"hard work" just down loading that baby. LOL :)

As far as the meter goes it's sounding better all the time, it's prob'ly not
a stinkin' digital "DDM" (damn digital meter). If it's an analog meter (with
needle and scales) you've got a leg up on the DDM users. Those things
suck for troubleshooting. No kidding. :) Been argued over the Internet
a bunch of times with the DDM guys having to back-up every time. ;)

The same process used to find the trouble with the wiper is used on any
other electrical trouble. But some things are better using past experience.
Like changing out a light bulb instead of breaking out the meter and wiring
diagrams.

But verifying the circuit voltages feeding the TFI for example, sure as heck
won't hurt nuthin'. ;)

Alvin in AZ
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Old 01-01-2013, 05:41 PM   #14
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Quote:
Originally Posted by Kustom64Ford View Post
...check engine light does not come on, and I cannot pull any codes. I jumped the fuel pump and it works fine. ...I left the fuel pump run on the jumper and tried to start the truck, but still would not start.
The EEC isn't powering up. Click this, read the caption, then read the NEXT few:

Quote:
Originally Posted by Kustom64Ford View Post
I will try to figure out how to use my DMM. Not sure if it is digital though.
All DMMs are digital; that's what the "D" stands for. If it has a needle, it's analog (just a "meter", or "multimeter" if there are several scales); if it has an LCD display, it's digital.

Digital is vastly superior because it puts LESS load on the circuit being tested, and therefore, has less practical error and does less damage. Digitals are also inherently more-accurate because their logic chips are more precise than the winding of an analog needle & a clocksping, and over a MUCH wider range.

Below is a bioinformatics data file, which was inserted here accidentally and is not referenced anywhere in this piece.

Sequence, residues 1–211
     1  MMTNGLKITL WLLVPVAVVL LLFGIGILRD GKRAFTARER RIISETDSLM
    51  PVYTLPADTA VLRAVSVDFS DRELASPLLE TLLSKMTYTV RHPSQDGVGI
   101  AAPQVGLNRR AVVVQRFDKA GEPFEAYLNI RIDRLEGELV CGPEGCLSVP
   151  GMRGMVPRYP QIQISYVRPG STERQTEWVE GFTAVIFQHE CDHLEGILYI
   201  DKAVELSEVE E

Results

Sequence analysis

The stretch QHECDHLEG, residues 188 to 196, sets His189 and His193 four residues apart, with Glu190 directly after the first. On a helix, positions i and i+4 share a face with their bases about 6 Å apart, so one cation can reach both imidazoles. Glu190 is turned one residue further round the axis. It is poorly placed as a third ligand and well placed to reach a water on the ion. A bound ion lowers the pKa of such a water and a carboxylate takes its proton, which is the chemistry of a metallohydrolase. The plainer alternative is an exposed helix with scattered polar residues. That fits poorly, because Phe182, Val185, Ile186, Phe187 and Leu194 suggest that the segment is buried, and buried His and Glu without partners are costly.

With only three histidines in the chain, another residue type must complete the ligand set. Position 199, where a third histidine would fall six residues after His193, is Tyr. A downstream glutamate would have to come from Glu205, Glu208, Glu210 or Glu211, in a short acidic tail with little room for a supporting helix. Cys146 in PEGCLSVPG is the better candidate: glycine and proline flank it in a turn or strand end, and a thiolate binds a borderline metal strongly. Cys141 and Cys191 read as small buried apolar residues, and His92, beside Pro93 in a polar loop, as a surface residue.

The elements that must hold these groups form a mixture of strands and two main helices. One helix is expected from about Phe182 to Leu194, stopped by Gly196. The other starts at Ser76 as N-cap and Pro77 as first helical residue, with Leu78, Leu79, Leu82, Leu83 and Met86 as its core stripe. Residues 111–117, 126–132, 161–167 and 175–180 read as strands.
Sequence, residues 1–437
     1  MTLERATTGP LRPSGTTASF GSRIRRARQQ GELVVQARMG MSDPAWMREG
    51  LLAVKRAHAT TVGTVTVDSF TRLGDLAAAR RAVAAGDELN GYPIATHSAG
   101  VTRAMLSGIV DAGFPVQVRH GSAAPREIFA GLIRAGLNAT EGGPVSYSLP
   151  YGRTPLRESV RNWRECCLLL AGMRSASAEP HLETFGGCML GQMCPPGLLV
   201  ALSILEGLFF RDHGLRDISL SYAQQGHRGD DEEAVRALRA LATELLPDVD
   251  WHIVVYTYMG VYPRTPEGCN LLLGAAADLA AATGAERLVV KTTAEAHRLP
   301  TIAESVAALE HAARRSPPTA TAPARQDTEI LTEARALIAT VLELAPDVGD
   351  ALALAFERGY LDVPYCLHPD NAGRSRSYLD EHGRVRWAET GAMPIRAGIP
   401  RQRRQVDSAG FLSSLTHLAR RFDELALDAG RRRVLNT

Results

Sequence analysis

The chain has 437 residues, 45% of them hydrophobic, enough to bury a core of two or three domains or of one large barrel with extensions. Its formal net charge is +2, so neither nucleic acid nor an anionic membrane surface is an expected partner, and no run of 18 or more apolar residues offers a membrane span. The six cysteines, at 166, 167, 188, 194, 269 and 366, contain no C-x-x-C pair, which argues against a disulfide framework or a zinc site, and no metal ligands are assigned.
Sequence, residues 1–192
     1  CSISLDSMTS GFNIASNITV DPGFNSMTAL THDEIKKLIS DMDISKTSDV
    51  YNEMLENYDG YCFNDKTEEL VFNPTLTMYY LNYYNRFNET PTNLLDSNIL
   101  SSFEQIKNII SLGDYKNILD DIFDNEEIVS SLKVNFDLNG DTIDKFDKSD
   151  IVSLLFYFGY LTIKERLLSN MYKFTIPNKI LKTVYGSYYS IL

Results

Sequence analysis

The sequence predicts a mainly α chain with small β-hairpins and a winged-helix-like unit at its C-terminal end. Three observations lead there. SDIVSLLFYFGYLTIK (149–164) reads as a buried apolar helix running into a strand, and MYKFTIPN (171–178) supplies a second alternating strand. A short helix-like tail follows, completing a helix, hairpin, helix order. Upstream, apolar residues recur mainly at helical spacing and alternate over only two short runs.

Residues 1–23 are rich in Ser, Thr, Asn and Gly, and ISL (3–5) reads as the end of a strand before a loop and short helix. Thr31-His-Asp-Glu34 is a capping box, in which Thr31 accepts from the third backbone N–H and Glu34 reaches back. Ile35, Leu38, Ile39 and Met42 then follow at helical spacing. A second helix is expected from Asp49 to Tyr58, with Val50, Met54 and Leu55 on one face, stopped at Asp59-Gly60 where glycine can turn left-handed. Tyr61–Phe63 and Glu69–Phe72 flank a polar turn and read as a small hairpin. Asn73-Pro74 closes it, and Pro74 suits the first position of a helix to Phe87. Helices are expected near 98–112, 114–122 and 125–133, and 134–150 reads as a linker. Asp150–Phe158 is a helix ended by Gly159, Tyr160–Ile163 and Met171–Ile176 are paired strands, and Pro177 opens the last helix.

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Old 01-01-2013, 08:09 PM   #15
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HMM. EEC Power Relay possibly? Sounds like it certainly could be the problem. Relays are cheap, so worth a try. Thanks guys.

Is this relay known as anything else? Trying to track one down and haven't any luck.
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Old 01-01-2013, 09:26 PM   #16
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EEC = Electronic Engine Control module (circled in red in photo below):

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Old 01-01-2013, 09:52 PM   #17
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Here is a 4-page procedure for conducting a "Ford EEC Power Relay Test" -- http://easyautodiagnostics.com/ford/...er_relay_1.php . You can find some for sale on this PartsGeek.com webpage .
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Old 01-02-2013, 01:29 AM   #18
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Is this relay known as anything else? Trying to track one down and haven't any luck.
Didn't you read those captions & follow the links in them? They're known as Bosch/Tyco/ISO relays, and they're available ANYWHERE. I prefer the ones in junkyards because they're OE-quality at garage-sale prices.
Quote:
Originally Posted by DLuders View Post
EEC = Electronic Engine Control module (circled in red in photo below)
That's certainly NOT the EEC. The EEC is hidden behind the cruise servo in that pic, at the lower R. The circle is the EEC PWR and FP relays, but you don't test old-style relays; you replace them with new-style relays.
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Old 01-02-2013, 10:04 PM   #19
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I replaced the EEC Relay, and still nothing?? Guess I will have to wait for the next day off and do some more diagnosing. Why can't this sh*t be easy?
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Old 01-02-2013, 11:51 PM   #20
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Saw another guy on here with almost the exact same problem and it was the EEC. I will pick up a used one tomorrow. Hopefully that will do it.